Planning on visiting Disney World in Orlando anytime soon? Keep your iDevice handy because it can be a valuable mouskatool.

Navigating the massive parks, figuring out what Fastpass you want to try for, and waiting in lines are all part of the game. I’ve gathered together some apps to lend a hand.

The one app that I highly recommend when going to one of the four Disney World parks is the official Disney Mobile Magic app. Wait times, character locations, and upcoming events are all at your fingertips.

The unlock notification in Disney Mobile Magic.

Best of all, the map shows your current location, making it easier to find out where you’re going (and you don’t need to try figuring out how to fold it up, like the maps the parks provide). With location services enabled, extended in-park information is unlocked once you arrive at any of the parks. The caveat for this app, however, is that it only works for Verizon customers.

For those without Verizon, the Walt Disney World Pro app does essentially the same thing. The downside is that it costs $4.99. Not as expensive, Disney World Wait Times provides the wait time information for the attractions across the four parks, which is really the main thing you need.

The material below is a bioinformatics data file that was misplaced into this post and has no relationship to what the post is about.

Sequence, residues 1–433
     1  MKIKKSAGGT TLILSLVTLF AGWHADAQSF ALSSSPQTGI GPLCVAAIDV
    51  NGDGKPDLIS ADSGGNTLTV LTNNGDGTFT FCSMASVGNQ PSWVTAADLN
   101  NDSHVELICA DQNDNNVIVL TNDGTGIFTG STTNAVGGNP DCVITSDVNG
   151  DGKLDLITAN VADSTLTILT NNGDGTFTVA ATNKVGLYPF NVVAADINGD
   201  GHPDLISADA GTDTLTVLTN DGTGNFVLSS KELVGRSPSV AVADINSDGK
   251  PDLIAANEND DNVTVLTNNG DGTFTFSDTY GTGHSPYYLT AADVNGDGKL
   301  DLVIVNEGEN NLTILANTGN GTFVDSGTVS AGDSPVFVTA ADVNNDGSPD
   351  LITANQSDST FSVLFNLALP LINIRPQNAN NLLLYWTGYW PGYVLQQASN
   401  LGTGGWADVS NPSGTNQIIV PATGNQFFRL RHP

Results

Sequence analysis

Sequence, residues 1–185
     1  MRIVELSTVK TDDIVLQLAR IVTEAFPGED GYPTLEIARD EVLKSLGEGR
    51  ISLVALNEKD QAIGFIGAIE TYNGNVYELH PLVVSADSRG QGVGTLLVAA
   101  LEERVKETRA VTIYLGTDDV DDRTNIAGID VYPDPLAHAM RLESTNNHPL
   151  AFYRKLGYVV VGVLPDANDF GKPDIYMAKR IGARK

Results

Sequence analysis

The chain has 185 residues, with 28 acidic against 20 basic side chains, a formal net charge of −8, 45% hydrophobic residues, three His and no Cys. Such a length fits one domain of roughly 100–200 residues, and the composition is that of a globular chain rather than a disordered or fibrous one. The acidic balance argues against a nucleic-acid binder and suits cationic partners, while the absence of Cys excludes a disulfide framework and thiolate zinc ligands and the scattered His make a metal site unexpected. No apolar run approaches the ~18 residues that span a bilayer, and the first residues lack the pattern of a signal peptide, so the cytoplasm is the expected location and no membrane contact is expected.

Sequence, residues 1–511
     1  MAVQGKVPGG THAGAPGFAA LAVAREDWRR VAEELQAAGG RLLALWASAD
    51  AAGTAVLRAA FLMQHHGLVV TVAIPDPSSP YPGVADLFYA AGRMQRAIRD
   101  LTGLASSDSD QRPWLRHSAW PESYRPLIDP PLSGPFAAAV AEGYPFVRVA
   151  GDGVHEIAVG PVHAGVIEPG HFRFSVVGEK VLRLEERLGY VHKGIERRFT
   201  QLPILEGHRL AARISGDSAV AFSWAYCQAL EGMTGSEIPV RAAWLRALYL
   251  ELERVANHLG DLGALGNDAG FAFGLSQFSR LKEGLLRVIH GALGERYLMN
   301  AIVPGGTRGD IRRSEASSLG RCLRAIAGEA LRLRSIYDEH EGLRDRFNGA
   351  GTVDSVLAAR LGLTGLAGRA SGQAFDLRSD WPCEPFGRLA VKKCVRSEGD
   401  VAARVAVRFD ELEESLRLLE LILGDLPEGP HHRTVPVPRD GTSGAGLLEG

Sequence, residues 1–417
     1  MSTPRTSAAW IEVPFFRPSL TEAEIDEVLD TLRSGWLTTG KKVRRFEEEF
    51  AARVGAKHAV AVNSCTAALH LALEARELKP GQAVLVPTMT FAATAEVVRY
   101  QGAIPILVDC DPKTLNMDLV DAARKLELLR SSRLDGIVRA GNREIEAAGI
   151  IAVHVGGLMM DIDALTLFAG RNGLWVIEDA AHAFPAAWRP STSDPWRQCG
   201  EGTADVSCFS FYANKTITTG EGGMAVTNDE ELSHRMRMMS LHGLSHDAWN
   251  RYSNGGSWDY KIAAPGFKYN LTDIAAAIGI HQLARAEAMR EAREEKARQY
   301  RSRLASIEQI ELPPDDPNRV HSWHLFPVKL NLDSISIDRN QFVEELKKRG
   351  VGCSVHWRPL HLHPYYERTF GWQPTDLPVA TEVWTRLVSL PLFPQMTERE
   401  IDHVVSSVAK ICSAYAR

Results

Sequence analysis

Visiting Disney is all about making memories, and Disney Memories is a photo app to help capture those special moments. You can add themed frames and clip art, with additional content being unlocked by visiting the Disney Store in Times Square, New York (thought probably not worth it). Considering how unstable this app is, you’d be better off with just about any other photo app if you’re using your iDevice for taking pictures.

The Disney Memories app capturing my tuckered-out daughter.

Getting to Disney World involves a good deal of traveling: whether you’re on your way there, or riding one of the ferries, trams, or monorails to get into park, there’s a good deal of waiting. To get you and the kids into the Disney spirit, the Disney channels are all available for streaming.

You can also relive the classic movies in their storybook form, such as Bambi: Disney Classics. Children can have the story read to them, as well as playing a matching game, coloring pictures, and making music.

I used to be cynical of Disney (even being a Florida resident), but I’d visit Disney World in a heartbeat to see the smiles on my kids’ faces. These apps can help you make the experience even better.

Have any other apps not discussed here helped enhance your visit to Disney World?